The entire score for this film was beautifully done, with each song serving a significant purpose and eliciting specific emotions. This specific piece served as the main theme and the tone is remarkably fitting for 1930s England. Appropriately, the score did not go unrecognized, winning both an Academy Award and a Golden Globe Award for Best Original Score. Composed by Dario Marianelli, who was also responsible for the musical score for Pride & Prejudice, making it his second collaboration with director Joe Wright.
Composed by Hans Zimmer, the score for #Inception is as captivating as the movie itself. The slow buildup of the music reflects the storyline perfectly, and the tune somehow manages to express actual heartbreak. Zimmer borrowed a "single manipulated beat" from Edith Piaf's song "Non, Je Ne Regrette Rien" for the score, using additional portions throughout the movie's entire soundtrack. Zimmer has stated that using the song was never intended to be a secret. I guess when it works, it works.
3. 'The Great Gatsby'
The Great Gatsby deserved a beautiful theme song, and Lana Del Rey's "Young and Beautiful" did not disappoint. The low register of Del Rey's voice offered a haunting sound suitable for the tragic love story. The slow tempo, combined with dreamy vocals connects the song to the longing and desperation felt by the main characters throughout the film. It's definitely a breath of fresh air amidst the numerous high-paced, energetic songs featured during the film.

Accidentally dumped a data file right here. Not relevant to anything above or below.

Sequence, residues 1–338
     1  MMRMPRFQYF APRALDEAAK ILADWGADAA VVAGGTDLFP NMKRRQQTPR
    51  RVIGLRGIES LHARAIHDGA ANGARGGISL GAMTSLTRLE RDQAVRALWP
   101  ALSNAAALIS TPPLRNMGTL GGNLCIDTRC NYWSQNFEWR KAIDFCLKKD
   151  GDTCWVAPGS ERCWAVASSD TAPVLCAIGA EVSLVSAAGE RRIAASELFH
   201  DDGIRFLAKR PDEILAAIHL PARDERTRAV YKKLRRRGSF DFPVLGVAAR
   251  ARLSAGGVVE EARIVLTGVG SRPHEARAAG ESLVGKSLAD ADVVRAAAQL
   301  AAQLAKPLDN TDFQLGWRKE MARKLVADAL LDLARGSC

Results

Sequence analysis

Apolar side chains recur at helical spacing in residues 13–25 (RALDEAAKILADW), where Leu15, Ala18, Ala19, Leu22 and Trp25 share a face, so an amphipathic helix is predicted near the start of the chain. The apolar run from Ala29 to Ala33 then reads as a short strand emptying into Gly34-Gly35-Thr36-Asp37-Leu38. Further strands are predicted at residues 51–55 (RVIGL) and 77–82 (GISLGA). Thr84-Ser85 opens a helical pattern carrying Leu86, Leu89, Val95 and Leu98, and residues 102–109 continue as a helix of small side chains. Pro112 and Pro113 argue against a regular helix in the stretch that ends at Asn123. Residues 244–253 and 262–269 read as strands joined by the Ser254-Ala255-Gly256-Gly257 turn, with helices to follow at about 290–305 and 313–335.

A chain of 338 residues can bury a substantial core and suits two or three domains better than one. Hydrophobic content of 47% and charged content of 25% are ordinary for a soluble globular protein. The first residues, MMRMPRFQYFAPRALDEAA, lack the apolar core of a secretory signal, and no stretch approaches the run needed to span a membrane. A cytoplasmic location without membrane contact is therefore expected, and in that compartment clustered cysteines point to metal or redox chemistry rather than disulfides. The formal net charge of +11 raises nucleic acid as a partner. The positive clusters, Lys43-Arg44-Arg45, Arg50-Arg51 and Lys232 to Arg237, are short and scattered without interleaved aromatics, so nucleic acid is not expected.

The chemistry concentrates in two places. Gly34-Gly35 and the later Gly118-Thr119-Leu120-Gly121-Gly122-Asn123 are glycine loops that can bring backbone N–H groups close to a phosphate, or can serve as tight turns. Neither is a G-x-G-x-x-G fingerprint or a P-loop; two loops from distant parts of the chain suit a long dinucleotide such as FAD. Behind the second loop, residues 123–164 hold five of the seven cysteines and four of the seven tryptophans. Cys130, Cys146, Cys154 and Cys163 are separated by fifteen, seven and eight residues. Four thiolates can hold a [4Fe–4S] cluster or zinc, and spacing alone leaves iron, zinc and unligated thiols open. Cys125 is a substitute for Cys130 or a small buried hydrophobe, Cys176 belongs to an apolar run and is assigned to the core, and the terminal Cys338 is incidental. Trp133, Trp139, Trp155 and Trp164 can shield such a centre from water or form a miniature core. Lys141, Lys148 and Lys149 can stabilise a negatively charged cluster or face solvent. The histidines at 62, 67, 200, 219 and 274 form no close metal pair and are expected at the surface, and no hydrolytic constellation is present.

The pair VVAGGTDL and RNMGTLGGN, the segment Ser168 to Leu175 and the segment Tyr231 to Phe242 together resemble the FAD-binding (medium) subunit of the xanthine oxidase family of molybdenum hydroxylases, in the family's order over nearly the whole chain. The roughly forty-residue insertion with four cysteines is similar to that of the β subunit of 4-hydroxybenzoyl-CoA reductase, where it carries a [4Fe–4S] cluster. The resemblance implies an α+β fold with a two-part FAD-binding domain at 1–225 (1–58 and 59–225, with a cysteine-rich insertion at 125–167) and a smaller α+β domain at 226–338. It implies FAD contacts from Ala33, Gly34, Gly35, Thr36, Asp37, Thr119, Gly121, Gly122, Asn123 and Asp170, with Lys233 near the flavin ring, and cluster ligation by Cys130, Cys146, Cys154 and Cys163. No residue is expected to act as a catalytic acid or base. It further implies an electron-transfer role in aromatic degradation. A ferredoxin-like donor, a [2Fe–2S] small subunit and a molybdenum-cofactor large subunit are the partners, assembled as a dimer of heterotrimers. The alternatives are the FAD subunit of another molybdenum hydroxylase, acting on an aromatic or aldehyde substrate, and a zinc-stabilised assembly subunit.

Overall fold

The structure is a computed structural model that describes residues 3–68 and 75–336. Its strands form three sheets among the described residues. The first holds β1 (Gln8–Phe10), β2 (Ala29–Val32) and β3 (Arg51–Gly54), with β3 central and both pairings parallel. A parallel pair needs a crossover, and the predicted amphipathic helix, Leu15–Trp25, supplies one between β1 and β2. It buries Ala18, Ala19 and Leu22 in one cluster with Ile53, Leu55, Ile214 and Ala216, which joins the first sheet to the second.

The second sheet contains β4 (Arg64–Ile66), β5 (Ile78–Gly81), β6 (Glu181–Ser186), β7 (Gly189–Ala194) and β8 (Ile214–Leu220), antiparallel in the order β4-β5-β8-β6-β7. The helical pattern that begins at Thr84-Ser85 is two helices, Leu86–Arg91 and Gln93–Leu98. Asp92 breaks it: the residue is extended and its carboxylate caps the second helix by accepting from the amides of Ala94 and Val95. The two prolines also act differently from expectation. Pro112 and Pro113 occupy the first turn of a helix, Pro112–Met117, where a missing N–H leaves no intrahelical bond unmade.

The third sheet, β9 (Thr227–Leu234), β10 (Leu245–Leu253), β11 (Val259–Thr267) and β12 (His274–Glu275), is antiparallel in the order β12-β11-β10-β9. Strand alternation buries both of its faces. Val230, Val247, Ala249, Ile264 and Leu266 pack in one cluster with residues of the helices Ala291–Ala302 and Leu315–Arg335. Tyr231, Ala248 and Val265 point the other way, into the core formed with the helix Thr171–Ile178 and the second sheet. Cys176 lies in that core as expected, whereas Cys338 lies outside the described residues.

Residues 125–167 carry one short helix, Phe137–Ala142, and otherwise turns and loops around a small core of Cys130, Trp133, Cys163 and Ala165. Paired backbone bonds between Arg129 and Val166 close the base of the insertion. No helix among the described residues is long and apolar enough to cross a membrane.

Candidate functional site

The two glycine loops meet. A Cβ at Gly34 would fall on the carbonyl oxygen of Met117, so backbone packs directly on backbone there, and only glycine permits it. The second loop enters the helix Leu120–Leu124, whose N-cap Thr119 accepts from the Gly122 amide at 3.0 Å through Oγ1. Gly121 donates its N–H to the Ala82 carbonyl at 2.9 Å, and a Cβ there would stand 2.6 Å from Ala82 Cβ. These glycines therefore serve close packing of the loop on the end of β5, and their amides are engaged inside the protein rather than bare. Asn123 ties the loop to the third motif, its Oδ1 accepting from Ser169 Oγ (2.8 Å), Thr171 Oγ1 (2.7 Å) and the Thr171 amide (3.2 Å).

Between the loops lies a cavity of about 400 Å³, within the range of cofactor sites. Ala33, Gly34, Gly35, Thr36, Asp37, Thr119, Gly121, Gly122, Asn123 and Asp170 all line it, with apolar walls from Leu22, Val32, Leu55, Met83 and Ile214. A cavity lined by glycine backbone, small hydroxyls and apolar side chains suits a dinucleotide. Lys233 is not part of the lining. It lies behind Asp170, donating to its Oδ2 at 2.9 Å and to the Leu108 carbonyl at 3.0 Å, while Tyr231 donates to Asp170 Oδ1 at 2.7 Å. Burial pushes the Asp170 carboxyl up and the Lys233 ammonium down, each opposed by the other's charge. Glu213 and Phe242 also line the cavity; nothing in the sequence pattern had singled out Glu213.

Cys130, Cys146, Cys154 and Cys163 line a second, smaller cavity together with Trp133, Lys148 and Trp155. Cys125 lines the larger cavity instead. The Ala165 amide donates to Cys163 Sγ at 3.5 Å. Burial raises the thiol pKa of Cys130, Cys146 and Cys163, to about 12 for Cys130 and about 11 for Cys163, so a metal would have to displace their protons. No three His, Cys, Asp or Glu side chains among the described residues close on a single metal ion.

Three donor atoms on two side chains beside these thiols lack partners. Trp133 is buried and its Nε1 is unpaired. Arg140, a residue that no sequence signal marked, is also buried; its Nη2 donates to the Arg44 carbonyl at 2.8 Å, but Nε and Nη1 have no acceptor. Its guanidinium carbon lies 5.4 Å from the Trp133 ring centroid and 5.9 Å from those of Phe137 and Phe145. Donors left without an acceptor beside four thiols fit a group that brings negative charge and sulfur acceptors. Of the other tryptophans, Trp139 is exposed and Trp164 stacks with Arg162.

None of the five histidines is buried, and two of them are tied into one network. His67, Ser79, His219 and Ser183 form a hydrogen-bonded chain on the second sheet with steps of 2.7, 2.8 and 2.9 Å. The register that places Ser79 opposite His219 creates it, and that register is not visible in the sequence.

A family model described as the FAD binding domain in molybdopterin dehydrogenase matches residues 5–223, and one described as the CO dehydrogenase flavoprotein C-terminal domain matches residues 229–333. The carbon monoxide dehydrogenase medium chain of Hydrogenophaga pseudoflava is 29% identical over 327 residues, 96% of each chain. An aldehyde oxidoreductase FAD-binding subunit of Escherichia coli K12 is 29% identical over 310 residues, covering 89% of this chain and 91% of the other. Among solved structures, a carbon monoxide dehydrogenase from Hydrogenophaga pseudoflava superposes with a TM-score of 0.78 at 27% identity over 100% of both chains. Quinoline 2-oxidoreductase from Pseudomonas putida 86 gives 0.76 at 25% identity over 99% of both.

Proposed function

A legendary love story deserves an equally epic love song, and Titanic nailed it. Scored by James Horner and performed by Celine Dion, "My Heart Will Go On" won as oscar for the Best Song From A Film in 1998. It was also the highest selling single worldwide the same year. I doubt anything could ever compare to the recognition Titanic's theme song received.
1. 'Last Of The Mohicans'
Co-composed by Trevor Jones and Randy Edelman, the theme song for Last of the Mohicans has an epic sound that can not be replicated. Though the soundtrack was originally supposed to have an electronic score, orchestral was chosen to better represent the historic drama. The main tune used throughout the film was written by Scottish songwriter Dougie MacLean for a song off of his 1990 album, and adapted to match the raw passion of the storyline.
Music is the backbone of a film, and can make a good movie great by turning the experience up a notch. Would the scene in Rocky where Stallone is running up the steps have been as powerful without an epic song to go along with it; would Halloween have been as scary without the eerie music to accompany Michael on his murder spree? Music enhances the emotions of a film by adding impact. Next time you sit down to enjoy a new movie, take a minute to really appreciate the music that accompanies it.
"Music in movies is all about dissonance and consonance, tension and release." — Quincy Jones
Share your favorite movie theme song in the comments below!